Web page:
I am looking for the candidate with the guts in 2019 to quote JFK’s 1960 speech on separation of church and state and say he/she agrees with it. The recent front-page Washington Post headline, “Teaching Scripture in the public schools,” was chilling to me. The column reported on the Bible being taught in Kentucky public schools and went on to report legislation like that in Kentucky that permits this in public schools is making its way through at least 10 state legislatures promoted by the religious right legislative effort called Project Blitz. Apparently the Georgia and Arkansas legislatures have passed similar bills now waiting for their governors to sign them into law.
Of course President Trump weighed in with a Tweet, “Numerous states introducing bible literacy classes, giving students the option of studying the bible. Starting to make a turn back. Great!” The question is turn back to what? Surely Trump doesn’t know or care other than his most ardent supporters like this. It’s funny when Trump talks about religion — he being a generally disgusting pig who thinks the Ten Commandments are only for others. We know he has violated at a minimum the third, “Thou shalt keep the Sabbath Holy;” sixth, “Thou shalt not commit adultery;” seventh, “Thou shalt not steal;” and eighth, “Thou shalt not bear false witness against thy neighbor.”
I am old enough to remember Sept. 12, 1960 when John F. Kennedy as the first Catholic candidate for president was forced to address his religious beliefs. The fear at the time being his decisions would be impacted or even directed by the Pope.
I want us as a nation to go back to what Kennedy believed about religion’s place in politics. Kennedy said, “While the so-called religious issue is necessarily and properly the chief topic here tonight, I want to emphasize from the outset that we have far more critical issues to face in the 1960 election: the spread of Communist influence … the hungry children I saw in West Virginia; the old people who cannot pay their doctor bills; the families forced to give up their farms; an America with too many slums, with too few schools, and too late to the moon and outer space. These are the real issues which should decide this campaign. And they are not religious issues — for war and hunger and ignorance and despair know no religious barriers. But because I am a Catholic, and no Catholic has ever been elected president, the real issues in this campaign have been obscured — perhaps deliberately, in some quarters less responsible than this. So it is apparently necessary for me to state once again not what kind of church I believe in — for that should be important only to me — but what kind of America I believe in. I believe in an America where the separation of church and state is absolute, where no Catholic prelate would tell the president (should he be Catholic) how to act, and no Protestant minister would tell his parishioners for whom to vote; where no church or church school is granted any public funds or political preference; and where no man is denied public office merely because his religion differs from the president who might appoint him or the people who might elect him.”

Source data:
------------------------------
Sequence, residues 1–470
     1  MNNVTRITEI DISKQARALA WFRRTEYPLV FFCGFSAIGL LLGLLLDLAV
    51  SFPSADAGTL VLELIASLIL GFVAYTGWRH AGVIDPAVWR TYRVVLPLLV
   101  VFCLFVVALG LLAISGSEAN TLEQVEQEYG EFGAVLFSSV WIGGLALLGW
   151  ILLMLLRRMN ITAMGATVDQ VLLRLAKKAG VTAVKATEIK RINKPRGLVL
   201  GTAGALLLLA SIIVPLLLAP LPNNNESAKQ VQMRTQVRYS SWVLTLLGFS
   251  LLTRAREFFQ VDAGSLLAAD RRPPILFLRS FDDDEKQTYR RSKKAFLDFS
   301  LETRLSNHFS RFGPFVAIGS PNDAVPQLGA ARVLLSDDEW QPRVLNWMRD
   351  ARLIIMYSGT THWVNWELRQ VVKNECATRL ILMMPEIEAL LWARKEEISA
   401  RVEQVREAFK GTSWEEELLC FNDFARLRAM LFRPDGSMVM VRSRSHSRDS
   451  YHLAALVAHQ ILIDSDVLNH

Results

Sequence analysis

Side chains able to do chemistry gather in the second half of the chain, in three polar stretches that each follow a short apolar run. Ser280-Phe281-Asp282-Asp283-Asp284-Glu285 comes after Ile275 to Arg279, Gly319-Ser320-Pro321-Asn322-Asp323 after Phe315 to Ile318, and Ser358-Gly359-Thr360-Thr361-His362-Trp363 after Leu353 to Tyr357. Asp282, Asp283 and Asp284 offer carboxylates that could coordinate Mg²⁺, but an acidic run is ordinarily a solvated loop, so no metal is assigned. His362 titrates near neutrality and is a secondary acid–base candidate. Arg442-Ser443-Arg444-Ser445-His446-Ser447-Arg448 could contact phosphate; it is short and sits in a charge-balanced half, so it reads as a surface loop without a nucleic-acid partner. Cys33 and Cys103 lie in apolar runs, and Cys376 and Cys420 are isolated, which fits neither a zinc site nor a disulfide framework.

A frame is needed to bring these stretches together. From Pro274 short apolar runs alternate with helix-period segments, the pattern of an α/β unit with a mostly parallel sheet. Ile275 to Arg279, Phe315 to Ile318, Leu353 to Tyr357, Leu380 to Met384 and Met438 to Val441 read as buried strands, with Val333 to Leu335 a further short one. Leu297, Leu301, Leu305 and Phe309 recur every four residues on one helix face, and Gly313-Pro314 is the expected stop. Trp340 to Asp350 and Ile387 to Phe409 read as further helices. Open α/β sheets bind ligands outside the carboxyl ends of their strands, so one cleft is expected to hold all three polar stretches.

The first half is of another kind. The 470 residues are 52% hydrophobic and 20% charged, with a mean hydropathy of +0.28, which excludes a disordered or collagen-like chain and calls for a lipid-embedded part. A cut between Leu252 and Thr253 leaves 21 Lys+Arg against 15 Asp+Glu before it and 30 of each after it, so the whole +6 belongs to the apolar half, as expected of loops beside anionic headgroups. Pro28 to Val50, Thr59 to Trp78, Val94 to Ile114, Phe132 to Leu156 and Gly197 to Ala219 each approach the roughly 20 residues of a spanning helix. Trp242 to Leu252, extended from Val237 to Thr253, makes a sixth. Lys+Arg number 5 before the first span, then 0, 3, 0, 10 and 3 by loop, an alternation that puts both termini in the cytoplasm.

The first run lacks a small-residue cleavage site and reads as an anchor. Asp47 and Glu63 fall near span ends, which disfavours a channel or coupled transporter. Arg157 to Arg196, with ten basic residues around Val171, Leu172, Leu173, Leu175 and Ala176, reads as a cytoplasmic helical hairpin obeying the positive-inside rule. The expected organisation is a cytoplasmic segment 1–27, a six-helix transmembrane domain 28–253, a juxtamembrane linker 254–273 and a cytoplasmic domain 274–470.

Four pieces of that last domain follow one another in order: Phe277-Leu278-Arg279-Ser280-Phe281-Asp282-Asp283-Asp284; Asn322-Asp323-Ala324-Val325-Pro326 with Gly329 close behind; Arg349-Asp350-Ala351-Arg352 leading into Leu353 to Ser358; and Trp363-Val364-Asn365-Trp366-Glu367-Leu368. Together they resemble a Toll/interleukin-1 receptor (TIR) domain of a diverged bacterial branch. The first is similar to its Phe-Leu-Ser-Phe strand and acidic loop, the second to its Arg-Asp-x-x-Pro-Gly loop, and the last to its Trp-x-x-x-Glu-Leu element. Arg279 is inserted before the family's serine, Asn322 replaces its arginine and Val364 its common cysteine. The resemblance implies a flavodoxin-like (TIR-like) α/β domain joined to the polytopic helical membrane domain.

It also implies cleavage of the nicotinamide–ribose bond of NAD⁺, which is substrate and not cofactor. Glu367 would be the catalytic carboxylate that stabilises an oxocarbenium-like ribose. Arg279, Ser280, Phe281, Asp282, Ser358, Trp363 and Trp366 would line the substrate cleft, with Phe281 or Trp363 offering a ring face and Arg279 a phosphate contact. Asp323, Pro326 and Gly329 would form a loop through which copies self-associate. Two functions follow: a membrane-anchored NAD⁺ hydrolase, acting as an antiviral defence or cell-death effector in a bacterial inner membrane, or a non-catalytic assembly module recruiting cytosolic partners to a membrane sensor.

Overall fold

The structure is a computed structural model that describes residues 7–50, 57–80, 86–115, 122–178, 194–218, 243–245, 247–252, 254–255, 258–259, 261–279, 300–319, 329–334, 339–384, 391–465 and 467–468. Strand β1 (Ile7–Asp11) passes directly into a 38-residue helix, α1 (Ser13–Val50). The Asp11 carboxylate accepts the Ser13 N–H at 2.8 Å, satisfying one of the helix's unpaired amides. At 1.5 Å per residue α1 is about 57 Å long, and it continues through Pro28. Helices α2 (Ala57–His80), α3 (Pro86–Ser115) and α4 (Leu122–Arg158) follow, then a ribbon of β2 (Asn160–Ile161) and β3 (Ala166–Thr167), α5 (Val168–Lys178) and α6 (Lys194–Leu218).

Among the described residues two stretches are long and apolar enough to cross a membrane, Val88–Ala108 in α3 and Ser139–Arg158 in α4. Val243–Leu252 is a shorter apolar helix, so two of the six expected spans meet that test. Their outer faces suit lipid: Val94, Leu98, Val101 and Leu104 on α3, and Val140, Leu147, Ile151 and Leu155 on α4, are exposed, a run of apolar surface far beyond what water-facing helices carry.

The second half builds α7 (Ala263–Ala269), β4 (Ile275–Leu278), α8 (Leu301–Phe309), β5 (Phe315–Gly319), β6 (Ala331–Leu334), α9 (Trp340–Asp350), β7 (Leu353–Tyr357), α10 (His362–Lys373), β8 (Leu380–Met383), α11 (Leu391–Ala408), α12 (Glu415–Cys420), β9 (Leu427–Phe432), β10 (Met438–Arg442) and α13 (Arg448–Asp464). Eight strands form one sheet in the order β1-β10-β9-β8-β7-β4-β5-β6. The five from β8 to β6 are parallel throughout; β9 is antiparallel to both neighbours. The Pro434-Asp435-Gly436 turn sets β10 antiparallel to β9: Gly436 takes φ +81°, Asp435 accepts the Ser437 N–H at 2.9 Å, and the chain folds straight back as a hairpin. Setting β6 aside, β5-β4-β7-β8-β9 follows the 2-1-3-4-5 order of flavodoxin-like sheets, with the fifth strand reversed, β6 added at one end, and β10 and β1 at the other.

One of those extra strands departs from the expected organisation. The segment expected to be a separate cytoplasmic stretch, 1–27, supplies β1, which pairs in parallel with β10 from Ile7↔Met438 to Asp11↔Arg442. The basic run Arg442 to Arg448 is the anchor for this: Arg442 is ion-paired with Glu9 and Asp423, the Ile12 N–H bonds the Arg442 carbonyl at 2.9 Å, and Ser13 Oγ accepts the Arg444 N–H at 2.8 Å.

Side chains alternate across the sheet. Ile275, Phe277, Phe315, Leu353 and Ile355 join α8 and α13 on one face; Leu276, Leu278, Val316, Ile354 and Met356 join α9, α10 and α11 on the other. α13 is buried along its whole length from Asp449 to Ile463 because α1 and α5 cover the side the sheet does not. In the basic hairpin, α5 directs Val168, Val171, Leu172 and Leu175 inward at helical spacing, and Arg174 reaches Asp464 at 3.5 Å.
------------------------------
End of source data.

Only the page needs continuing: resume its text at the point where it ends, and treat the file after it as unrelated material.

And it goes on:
He went on to say “Finally, I believe in an America where religious intolerance will someday end; where all men and all churches are treated as equal; where every man has the same right to attend or not attend the church of his choice; where there is no Catholic vote, no anti-Catholic vote, no bloc voting of any kind; and where Catholics, Protestants and Jews, at both the lay and pastoral level, will refrain from those attitudes of disdain and division which have so often marred their works in the past, and promote instead the American ideal of brotherhood.”
So I am looking for the candidate with the courage to say those words today. Is there a candidate out there who doesn’t play to religious voting blocs? A candidate who when the religious right speaks out loudly rather than saying the religious left should rise up against what they say rather calls on all decent people to rise up and speak out. Where is the candidate who will quote the words of our Founding Fathers from the First Amendment to the Constitution, which states, “Congress shall make no law respecting an establishment of religion, or prohibiting the free exercise thereof” and follow that with what JFK said nearly 60 years ago to explain what those words mean to them.
Peter Rosenstein is a longtime LGBT rights and Democratic Party activist. He writes regularly for the Blade.